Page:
25 May 2015 | Online since 2003



17 February 2014|News,Property News

Country tourism sees drop in enquiries


Media reports of flooding and gale force winds are essential to keep the country updated on the weather situation but up and down the country tourism businesses are seeing a drop in enquiries.

Rural accommodation businesses will need the customers the most as the UK comes out of winter and into the weeks leading to Easter.

“We are in contact with all our 1,200 members – and they are a gauge of the real situation out there in the countryside," said Andy Woodward of Farm Stay UK.

"99% of our farms are open for business and none of them are closed due to the weather, although a number of Somerset properties are supporting local families as a priority over business.

"That means that farms up and down the UK are waiting to welcome guests, serve them local food, give them a real farm experience and start the season off properly. If people stay away then the effect will be terrible for so many rural communities. Of course we also have farm members in Somerset and we are ready to support them and get them back on their feet.

"But, if there is one thing we would ask of the British traveller this year, on behalf of our farm members, it would be to pledge to stay in Britain for one short break this year – put some of your holiday budget into Britain and make a positive difference to rural communities."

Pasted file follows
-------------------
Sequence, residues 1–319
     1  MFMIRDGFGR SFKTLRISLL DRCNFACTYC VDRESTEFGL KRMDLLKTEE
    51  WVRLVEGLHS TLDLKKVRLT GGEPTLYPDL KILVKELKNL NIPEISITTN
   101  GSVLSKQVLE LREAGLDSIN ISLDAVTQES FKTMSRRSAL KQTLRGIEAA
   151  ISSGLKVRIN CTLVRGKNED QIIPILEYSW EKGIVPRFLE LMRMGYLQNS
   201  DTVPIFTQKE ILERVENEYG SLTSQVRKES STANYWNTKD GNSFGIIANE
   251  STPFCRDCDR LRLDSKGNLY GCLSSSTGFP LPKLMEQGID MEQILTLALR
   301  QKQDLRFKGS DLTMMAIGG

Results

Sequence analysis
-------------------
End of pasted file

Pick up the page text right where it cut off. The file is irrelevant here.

Weather observers at the University of Oxford have confirmed that January 2014 was the wettest since their records began in the 1760s.

Dr Ian Ashpole, Radcliffe Meteorological Observer based in the University's School of Geography and the Environment, said: "This January has had a very high number of "very wet" days rather than a few "monster" ones. People who live in the Oxford area endured consistently wet weather all January this year, with only one rain-free day."

The CLA said it was vital the government recognised the economic importance of the countryside.

The records show that this January was the wettest ever of any of the three winter months (December to February), beating the previous high of 143.3mm in December 1914. The most recent December and January combined total of 244.6mm of rainfall was also higher than for any other December–January period recorded by the Observatory.

In the 45 days following 18 December, more rain was recorded at the Radcliffe than for any other 45-day winter period in its history, with total rainfall at 231.3mm. This is way ahead of the next highest total of 209.4mm from 1 December 1914 to 14 January 1915, according to records of nearly 9,000 such periods.


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